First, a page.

19. 33.
    Dafydd Johnston, “‘Propaganda’r Prydydd’: Gwleidyddiaeth Beirdd yr Uchelwyr,” Cof Cenedl 14 (1999): 39–67, at 39.Google Scholar
  20. 34.
    Ifor Williams, ed., Gwaith Gutor Glyn (Cardiff: University of Wales Press, 1939), 48: lines 67–70.Google Scholar
  21. 35.
    See Glanmor Williams, Renewal and Reformation, Wales c. 1415–1642 (Oxford and New York: Oxford University Press, 1993), 6–8.Google Scholar
  22. 36.
    W. Leslie Richards, ed., Gwaith Dafydd Llwyd o Fathafarn (Cardiff: University of Wales Press, 1964), 2: lines 7–8.Google Scholar
  23. 37.
    Thomas Roberts, ed., Gwaith Dafydd ab Edmwnd, Bangor Welsh Manuscripts Society 47 (Bangor: Printed for Bangor Welsh Manuscripts Society by Jarvis & Foster, 1914). See also Johnston, “Propaganda’r Prydydd,” 42–43.Google Scholar
  24. 39.
    Dafydd Johnston, ed., Gwaith Lewys Glyn Cothi (Cardiff: University of Wales Press, 1995), 222: lines 49–52.Google Scholar
  25. 40.
    Henry Lewis, Thomas Roberts, and Ifor Williams, eds., Cywyddau Iolo Goch ac Eraill, 2nd edn. (Cardiff University of Wales Press, 1937), 37: lines 2–8.Google Scholar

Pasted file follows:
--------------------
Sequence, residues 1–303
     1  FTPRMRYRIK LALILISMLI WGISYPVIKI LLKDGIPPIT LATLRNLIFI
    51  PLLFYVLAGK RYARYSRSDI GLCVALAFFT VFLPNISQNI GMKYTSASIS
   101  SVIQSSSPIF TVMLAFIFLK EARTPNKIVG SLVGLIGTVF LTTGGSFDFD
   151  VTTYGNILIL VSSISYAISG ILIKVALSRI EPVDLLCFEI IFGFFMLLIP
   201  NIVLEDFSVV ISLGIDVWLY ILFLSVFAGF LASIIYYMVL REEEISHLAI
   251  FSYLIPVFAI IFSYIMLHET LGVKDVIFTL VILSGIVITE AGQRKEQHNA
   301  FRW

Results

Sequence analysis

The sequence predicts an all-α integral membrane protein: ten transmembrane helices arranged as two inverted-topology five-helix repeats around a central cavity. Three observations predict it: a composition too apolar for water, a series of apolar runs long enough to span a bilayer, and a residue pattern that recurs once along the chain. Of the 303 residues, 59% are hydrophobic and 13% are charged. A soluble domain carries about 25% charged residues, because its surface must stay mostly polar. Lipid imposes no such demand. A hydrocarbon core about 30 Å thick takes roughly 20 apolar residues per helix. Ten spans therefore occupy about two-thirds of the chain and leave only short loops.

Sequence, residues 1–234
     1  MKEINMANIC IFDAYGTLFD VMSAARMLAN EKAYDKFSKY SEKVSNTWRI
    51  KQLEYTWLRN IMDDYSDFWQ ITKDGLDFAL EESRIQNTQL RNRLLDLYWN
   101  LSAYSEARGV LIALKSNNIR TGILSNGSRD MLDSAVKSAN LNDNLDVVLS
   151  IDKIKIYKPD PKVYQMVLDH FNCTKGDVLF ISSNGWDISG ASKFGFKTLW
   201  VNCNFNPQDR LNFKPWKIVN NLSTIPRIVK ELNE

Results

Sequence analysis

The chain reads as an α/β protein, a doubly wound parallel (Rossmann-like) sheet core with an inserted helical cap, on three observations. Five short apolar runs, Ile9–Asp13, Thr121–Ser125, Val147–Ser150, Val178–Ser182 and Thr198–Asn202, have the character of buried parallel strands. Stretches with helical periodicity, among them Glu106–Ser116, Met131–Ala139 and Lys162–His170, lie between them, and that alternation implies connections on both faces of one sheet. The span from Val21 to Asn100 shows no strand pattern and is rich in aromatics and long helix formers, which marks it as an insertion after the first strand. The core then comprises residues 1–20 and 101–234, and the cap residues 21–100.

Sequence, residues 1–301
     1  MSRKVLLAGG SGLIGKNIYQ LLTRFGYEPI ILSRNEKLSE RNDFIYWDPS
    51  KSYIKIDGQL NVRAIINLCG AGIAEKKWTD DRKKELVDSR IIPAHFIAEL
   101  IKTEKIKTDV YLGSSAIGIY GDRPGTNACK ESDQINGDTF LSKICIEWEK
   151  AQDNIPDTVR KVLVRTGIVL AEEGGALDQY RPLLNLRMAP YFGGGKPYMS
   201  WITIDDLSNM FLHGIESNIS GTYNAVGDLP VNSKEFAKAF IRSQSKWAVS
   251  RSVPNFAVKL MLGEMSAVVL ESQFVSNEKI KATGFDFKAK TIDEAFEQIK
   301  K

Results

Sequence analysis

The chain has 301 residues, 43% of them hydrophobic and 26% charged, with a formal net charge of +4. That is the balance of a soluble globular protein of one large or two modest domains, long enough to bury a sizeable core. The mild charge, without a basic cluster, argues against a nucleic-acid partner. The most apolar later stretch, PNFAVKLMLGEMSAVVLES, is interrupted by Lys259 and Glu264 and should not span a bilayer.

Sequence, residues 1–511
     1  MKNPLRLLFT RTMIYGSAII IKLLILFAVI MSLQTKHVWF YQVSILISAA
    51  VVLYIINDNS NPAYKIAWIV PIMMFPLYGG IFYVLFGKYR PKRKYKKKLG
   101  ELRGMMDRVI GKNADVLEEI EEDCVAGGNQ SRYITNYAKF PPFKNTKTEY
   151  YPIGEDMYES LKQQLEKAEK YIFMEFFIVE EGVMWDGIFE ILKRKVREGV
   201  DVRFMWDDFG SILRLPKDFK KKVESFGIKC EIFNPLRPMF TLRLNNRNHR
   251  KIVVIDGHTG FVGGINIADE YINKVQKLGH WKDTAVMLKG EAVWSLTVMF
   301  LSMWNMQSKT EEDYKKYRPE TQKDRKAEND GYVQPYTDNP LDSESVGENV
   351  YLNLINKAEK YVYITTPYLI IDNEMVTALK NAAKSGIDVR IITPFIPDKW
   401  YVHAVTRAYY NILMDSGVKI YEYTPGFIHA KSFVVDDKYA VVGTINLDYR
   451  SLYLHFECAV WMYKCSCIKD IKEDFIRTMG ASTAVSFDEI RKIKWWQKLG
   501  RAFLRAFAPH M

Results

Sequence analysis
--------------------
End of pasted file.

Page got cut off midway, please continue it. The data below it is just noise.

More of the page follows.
26. 42.
    D. J. Bowen, ed., Barddoniaeth yr Uchelwyr (Cardiff: University of Wales Press, 1959), 23: lines 5–6. For a translation of this poem to Flint, see Joseph P. Clancy, Medieval Welsh Lyrics (London: Macmillan, 1965), 166–68.Google Scholar
  27. 43.
    N. G. Costigan, R. Iestyn Daniel, and Dafydd Johnston, eds., Gwaith Gruffudd ap Dafydd ap Tudur, Gwilym Ddu o Arfon, Trahaearn Brydydd Mawr ac Iorwerth Beli (Aberystwyth: University of Wales Centre for Advanced Welsh and Celtic Studies, 1995), 15: lines 47–48 and 53–54.Google Scholar
  28. 44.
    T. Gwynn Jones, ed., Gwaith Tudur Aled (Cardiff: University of Wales Press, 1926), 65: lines 61–64 and 89–90.Google Scholar

Copyright information

© Ruth Kennedy and Simon Meecham-Jones 2008

Authors and Affiliations

  • Helen Fulton

There are no affiliations available

Personalised recommendations